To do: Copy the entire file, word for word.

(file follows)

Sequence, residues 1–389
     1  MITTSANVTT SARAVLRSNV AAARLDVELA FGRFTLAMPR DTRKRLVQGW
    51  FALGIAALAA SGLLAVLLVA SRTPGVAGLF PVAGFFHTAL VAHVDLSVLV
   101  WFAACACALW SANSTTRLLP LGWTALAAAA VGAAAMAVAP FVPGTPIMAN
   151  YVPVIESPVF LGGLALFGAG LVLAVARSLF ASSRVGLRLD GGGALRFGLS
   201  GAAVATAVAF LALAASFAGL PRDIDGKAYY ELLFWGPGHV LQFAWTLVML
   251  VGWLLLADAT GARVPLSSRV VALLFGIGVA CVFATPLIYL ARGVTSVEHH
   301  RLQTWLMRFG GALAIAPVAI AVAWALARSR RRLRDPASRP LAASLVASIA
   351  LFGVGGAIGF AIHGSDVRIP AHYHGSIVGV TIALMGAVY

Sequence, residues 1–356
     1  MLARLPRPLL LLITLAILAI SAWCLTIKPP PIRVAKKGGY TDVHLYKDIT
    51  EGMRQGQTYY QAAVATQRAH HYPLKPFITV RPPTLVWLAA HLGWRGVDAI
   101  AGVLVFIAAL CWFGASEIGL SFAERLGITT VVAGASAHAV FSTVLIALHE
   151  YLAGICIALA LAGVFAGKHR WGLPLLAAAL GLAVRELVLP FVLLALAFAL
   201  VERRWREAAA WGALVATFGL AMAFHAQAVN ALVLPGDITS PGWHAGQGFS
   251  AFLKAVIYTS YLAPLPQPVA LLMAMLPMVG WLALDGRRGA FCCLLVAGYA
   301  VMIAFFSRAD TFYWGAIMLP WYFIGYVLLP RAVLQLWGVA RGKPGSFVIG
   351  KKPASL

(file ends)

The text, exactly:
Sequence, residues 1–389
     1  MITTSANVTT SARAVLRSNV AAARLDVELA FGRFTLAMPR DTRKRLVQGW
    51  FALGIAALAA SGLLAVLLVA SRTPGVAGLF PVAGFFHTAL VAHVDLSVLV
   101  WFAACACALW SANSTTRLLP LGWTALAAAA VGAAAMAVAP FVPGTPIMAN
   151  YVPVIESPVF LGGLALFGAG LVLAVARSLF ASSRVGLRLD GGGALRFGLS
   201  GAAVATAVAF LALAASFAGL PRDIDGKAYY ELLFWGPGHV LQFAWTLVML
   251  VGWLLLADAT GARVPLSSRV VALLFGIGVA CVFATPLIYL ARGVTSVEHH
   301  RLQTWLMRFG GALAIAPVAI AVAWALARSR RRLRDPASRP LAASLVASIA
   351  LFGVGGAIGF AIHGSDVRIP AHYHGSIVGV TIALMGAVY

Sequence, residues 1–356
     1  MLARLPRPLL LLITLAILAI SAWCLTIKPP PIRVAKKGGY TDVHLYKDIT
    51  EGMRQGQTYY QAAVATQRAH HYPLKPFITV RPPTLVWLAA HLGWRGVDAI
   101  AGVLVFIAAL CWFGASEIGL SFAERLGITT VVAGASAHAV FSTVLIALHE
   151  YLAGICIALA LAGVFAGKHR WGLPLLAAAL GLAVRELVLP FVLLALAFAL
   201  VERRWREAAA WGALVATFGL AMAFHAQAVN ALVLPGDITS PGWHAGQGFS
   251  AFLKAVIYTS YLAPLPQPVA LLMAMLPMVG WLALDGRRGA FCCLLVAGYA
   301  VMIAFFSRAD TFYWGAIMLP WYFIGYVLLP RAVLQLWGVA RGKPGSFVIG
   351  KKPASL